About Dana

Dana Trentini

Photo by: Helle Sydendal/PH Medier

Hypothyroid Mom is the WINNER of two 2014 WEGO Health Activist Awards:

Health Activist Hero & Best In Show Twitter

AND

WINNER of The Best Thyroid Disorders Blogs of 2016 by Healthline.com

Who knew this little butterfly-shaped gland at the base of my neck known as the thyroid gland could affect my life so completely?

I am Dana Trentini, the founder of Hypothyroid Mom.

Hypothyroid Mom has 2,655,754 monthly pageviews with 807,152 monthly unique visitors from 223 countries and regions in the world.

Dana Trentini founder of Hypothyroid Mom

What’s crazy about all this?

I never blogged, used Facebook or Twitter ever before the launch of Hypothyroid Mom three years ago.

I know this may sound crazy but I know deep within me that Hypothyroid Mom is what I am meant to do.

I was diagnosed with hypothyroidism the year following the birth of my first son Benjamin in 2006. Low thyroid symptoms overtook my life. I was overwhelmed with fatigue. The pregnancy weight was impossible to lose. My hair was falling out. The heels of my feet were cracked and my scalp itched. My legs were numb to the touch. Unusually heavy menstrual bleeding, chronic constipation, and constant infections plagued me. Kidney stones landed me in the emergency room. A healthy woman prior to pregnancy now I had blood levels indicating I was at high risk for a heart attack and pre-diabetic. What had happened to me?

I trusted my doctors and followed their thyroid drug protocol to the letter never once thinking they might not know everything there was to know about hypothyroidism. I trusted them as the experts especially when I became pregnant again in late 2008. I assumed that in New York City, one of the greatest cities in the world, doctors would have all the answers.

I would later learn that my Ivy League medical school trained and top awarded doctors did not know enough about hypothyroidism, especially the dangers of hypothyroidism and pregnancy. Under their care my TSH (thyroid stimulating hormone), the gold standard for measuring thyroid function, reached levels far above the recommended reference range for pregnancy endangering the life of my fetus and I miscarried.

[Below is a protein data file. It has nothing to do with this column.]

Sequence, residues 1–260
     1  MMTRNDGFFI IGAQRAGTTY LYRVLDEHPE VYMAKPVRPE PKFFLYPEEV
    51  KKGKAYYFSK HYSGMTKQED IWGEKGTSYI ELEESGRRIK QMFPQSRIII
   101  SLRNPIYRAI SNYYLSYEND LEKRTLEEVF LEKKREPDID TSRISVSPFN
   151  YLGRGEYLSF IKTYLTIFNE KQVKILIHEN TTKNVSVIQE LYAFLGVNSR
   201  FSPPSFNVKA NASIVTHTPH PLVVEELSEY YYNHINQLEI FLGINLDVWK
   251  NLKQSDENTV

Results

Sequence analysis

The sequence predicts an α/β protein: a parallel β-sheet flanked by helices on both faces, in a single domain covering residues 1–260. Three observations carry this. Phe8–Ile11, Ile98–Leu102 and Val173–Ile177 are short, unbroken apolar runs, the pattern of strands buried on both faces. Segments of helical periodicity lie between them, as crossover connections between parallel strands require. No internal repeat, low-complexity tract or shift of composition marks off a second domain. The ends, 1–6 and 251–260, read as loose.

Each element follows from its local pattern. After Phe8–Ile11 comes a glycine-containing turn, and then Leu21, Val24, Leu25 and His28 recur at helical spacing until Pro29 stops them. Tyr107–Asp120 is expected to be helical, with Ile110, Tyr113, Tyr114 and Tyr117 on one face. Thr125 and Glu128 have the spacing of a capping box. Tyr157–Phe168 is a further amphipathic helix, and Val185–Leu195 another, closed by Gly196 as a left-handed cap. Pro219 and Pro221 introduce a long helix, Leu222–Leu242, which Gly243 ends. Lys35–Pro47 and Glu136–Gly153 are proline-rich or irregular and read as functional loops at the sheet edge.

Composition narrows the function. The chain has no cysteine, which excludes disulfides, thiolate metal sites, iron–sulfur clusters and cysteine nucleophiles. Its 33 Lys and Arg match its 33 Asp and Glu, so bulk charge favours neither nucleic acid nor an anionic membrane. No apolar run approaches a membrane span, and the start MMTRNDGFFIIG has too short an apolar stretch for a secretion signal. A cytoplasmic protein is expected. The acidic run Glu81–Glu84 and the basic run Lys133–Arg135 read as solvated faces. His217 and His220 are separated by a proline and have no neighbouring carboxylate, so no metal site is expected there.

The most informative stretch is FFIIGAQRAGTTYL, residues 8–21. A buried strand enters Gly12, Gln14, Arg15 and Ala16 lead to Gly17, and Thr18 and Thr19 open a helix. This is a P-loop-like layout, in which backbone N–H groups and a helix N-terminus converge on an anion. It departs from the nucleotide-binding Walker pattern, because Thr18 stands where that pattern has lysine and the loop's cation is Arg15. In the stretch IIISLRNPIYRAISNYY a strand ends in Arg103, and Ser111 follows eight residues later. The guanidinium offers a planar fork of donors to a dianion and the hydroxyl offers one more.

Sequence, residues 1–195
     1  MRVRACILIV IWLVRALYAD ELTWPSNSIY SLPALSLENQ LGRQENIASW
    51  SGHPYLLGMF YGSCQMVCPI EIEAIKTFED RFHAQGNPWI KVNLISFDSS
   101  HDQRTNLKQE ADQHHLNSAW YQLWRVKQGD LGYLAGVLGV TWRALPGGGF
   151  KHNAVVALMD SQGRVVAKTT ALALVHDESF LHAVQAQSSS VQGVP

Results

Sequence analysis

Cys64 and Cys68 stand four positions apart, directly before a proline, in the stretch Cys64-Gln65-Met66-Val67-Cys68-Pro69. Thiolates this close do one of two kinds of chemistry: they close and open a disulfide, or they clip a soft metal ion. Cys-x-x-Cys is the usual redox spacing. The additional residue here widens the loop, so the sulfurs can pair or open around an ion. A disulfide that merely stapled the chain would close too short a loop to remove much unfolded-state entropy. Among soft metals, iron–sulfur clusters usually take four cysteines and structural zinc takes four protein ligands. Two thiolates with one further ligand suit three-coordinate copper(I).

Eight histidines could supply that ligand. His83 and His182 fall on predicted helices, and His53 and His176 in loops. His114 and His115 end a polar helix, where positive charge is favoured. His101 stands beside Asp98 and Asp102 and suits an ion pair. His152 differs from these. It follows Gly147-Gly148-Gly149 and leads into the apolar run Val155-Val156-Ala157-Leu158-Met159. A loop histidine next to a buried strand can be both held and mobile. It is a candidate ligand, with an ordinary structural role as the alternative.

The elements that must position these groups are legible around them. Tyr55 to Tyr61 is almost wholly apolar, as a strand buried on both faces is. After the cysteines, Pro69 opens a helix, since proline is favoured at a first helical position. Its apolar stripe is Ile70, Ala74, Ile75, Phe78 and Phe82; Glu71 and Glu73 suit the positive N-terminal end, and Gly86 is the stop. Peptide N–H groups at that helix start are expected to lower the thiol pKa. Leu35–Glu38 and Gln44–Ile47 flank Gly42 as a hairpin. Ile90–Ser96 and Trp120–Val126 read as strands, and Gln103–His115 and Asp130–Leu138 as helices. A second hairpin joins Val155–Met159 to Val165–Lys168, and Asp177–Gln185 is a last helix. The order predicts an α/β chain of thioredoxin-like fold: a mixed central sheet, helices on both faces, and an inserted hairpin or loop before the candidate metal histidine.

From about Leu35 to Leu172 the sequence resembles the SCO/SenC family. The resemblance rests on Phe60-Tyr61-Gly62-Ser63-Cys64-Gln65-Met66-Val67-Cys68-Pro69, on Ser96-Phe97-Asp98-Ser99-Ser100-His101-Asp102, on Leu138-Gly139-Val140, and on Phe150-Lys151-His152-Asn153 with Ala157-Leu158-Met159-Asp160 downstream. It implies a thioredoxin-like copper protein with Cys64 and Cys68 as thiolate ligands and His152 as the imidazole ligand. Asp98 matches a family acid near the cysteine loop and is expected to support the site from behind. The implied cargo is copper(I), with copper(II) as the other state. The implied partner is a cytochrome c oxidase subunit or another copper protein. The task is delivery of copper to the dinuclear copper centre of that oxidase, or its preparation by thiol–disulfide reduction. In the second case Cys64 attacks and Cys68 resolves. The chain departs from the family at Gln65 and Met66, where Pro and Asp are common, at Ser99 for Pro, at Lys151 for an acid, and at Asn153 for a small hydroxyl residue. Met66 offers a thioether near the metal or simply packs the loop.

How could I have trusted my doctors unquestioningly and not been a better advocate for my child?

I will live with that regret for the rest of my life.

I graduated in 1993 with an Honors Bachelor of Science degree in Neuroscience from the University of Toronto with High Distinction receiving multiple scholarships and prestigious awards. I worked for several years as a high school science teacher in a specialized school for intellectually gifted students. At Columbia University in 2002, I obtained an M.A. in Organizational Psychology and an Ed.M. in Counseling Psychology. A distinguished Columbia University professor selected me as the team leader for his research team during the course of my studies. I was no stranger to scientific research. So why hadn’t I used my science background and research skills to learn everything I could about my thyroid disease?

After 6 years of intense research and a quest to find the top thyroid health professionals, I am now in the best health ever. At the age of 40, I got pregnant naturally with my second son Hudson and gave birth to him in 2010.

Hypothyroid Mom's Miracle Boys

October is National Miscarriage Awareness month in the U.S.. My blog Hypothyroid Mom launched on October 1, 2012, intentionally timed during Miscarriage Awareness Month in memory of the baby I lost to hypothyroidism and in dedication to my two boys who beat the odds and made it to the world.

The mission of Hypothyroid Mom is clear – to drive awareness. The Thyroid Federation International estimates there are up to 300 million people, mostly women, with thyroid dysfunction worldwide, yet over half are unaware of their condition. Scientific research shows the dangers of hypothyroidism in pregnancy including miscarriage, still birth, infertility, maternal anemia, pre-eclampsia, placental abruption, postpartum hemorrhage, premature delivery, low birth weight, deficits in intellectual development in infants, ADD/ADHD, and Autism. Despite the dangers of maternal hypothyroidism in pregnancy, there is currently NO universal thyroid screening in pregnancy.

The research literature also links an underactive thyroid to heart disease, diabetes, cancer, and Alzheimer’s. Despite the research connecting hypothyroidism to many of the deadliest diseases of our time, the lack of awareness is pervasive.

I was blown away the day The Atlantic in 2015 featured Hypothyroid Mom in their online article Sleepy, Stressed, or Sick? Then on April 11, 2016, Hypothyroid Mom was featured in The Wall Street Journal article Doctors Hear Patients’ Calls for New Approaches to Hypothyroidism. I really couldn’t believe my eyes.

Everyday Health featured Hypothyroid Mom January 2014 for Thyroid Awareness Month, How Mom’s Thyroid Problems Can Hurt Baby. It is my life’s mission to bring about Universal Thyroid Screening In Pregnancy. I can’t go back in time and save my child no matter how much I long to do so, but I can make sure this never happens to another child again. I co-wrote a book with Mary Shomon, Your Healthy Pregnancy with Thyroid Disease: A Guide to Fertility, Pregnancy and Postpartum Wellness, that released June 2016 by Perseus Books/Da Capo Press. I will save babies in memory of my lost child.